Loading...
You are here:  Home  >  Livestock  >  Beef Cattle  >  Current Article

From Big to Small to Big to Small: Part 2 of A Pictorial History of Cattle Changes Over the Years

By   /  July 11, 2016  /  8 Comments

    Print       Email
In memory of Dr. Harlan Ritchie, August 3, 1935 – April 27, 2016. A Distinguished Professor fo
    Print       Email

About the author

Publisher, Editor and Author

Kathy worked with the Bureau of Land Management for 12 years before founding Livestock for Landscapes in 2004. Her twelve years at the agency allowed her to pursue her goal of helping communities find ways to live profitably AND sustainably in their environment. She has been researching and working with livestock as a land management tool for over a decade. When she's not helping farmers, ranchers and land managers on-site, she writes articles, and books, and edits videos to help others turn their livestock into landscape managers.

8 Comments

  1. Glenn Carpenter says:

    Great article. Dr. Ritchie did a guest lecture in AH 111 when I was a freshman in 1972 and talked about breeding “puppy dog” sized Angus and Herefords in the 1940s and 50s, but that the beef industry had made a U turn and was correcting itself. Glad they did. Dr. Ritchie was a very good beef man, great animal scientist, and not a bad Euchre player!

  2. Adam Jones says:

    Excellent article. Really enjoying the series, thank you.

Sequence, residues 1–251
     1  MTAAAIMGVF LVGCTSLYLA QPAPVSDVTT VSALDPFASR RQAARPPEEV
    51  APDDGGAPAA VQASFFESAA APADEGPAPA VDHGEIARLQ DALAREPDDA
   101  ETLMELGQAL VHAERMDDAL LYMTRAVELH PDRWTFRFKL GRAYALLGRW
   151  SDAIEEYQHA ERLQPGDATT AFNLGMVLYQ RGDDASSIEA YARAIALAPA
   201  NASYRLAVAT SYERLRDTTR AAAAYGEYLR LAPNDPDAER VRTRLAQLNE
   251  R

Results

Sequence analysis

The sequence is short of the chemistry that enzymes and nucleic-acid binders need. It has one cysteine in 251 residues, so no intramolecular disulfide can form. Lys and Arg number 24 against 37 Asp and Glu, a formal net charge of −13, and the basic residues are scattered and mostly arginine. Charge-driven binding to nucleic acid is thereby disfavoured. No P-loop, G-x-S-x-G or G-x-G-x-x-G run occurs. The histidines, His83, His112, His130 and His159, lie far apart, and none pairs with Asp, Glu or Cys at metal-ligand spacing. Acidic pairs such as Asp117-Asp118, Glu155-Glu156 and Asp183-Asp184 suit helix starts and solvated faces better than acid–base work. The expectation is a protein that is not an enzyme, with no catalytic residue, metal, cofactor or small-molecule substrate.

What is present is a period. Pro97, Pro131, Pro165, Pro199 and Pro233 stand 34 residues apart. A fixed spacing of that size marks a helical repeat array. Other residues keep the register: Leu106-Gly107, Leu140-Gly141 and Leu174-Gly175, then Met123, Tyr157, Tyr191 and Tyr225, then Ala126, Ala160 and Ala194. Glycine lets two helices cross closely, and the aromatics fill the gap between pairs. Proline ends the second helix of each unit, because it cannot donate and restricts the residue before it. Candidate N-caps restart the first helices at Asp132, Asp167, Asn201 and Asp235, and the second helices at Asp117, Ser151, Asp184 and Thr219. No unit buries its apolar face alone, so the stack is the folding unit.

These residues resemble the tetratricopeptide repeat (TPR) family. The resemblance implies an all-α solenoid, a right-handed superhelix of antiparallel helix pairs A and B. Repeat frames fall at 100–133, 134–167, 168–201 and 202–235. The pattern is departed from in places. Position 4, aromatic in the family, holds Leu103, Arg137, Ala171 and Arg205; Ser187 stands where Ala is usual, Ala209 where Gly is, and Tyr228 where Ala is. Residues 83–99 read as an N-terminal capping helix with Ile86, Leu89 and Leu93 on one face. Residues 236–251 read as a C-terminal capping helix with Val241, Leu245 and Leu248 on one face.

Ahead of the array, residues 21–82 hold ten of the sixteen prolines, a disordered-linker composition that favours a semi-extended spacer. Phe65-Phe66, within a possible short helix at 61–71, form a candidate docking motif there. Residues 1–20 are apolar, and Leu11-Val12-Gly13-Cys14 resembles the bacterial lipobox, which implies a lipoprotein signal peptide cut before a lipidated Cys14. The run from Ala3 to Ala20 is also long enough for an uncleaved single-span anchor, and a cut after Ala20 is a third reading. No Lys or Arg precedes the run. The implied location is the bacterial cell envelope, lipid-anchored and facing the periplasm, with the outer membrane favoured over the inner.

3. Tom Smith says:

    As a kid, I remember my father cussing those “little flat-tailed fuzzballs”. He refused to buy a “little pony-sized bull” and took lots of ribbing about his “big, plain, raw-boned bulls”, but he had some of the heavier calves at the local livestock auctions and his response was that “we sell ’em by the pound.” He also was a firm believer in cross-breeding.
    In college in the late 70’s, I argued with my judging team coach, a noted and respected judge, that they were getting the animals too tall and late maturing, with too little depth and body. He disagreed, and also said that if I wanted to win, that’s how I had to place them. About 7-8 years ago, I saw him at a show and commented that the animals were getting too small-framed again. He said I could be right.
    When we go to either extreme, we lose functionality and the ability of our animals to match most commercial ranch environments. And while we have reduced frame size of the cattle, we have increased the mature weight of the cows in our herds.

  4. Kristin says:

    Another question: what is the origin of the Dexter breed since they are notorious carriers of the dwarfism gene?

  5. Kristin says:

    Interesting! So the mini cattle trend started in the mid 20th century? So much for them being the traditional sized cattled. I have been led to believe that the so called Low Line Angus were the originals. This is not so from what I gather reading this article?

    • Jake Barber says:

      The Lowline angus were part of a study on frame size. The Australians took many years and generations of breeding to try and determine the most efficient beef. Lowlines have done well but still not the most efficient in lbs per head.

  6. Jess Jackson says:

    Kathy – Great articles. I would love to listen to a discussion between Kit Pharo, Jim Gerrish and a couple of purebred breeders from NCBA or a land grant on this subject.

    I think that my answer is “it depends.” I like smaller cattle on lush pasture and see a trend in America for smaller cuts of beef. I believe that larger cattle should do better on rangelands with forage that is more nutrient dense but farther apart. Just stepping cactus and other thorny vegetation. Hmmmm

You might also like...

Calling and Leading Cattle is More Time and Cost Efficient Than Herding

Read More →
Translate »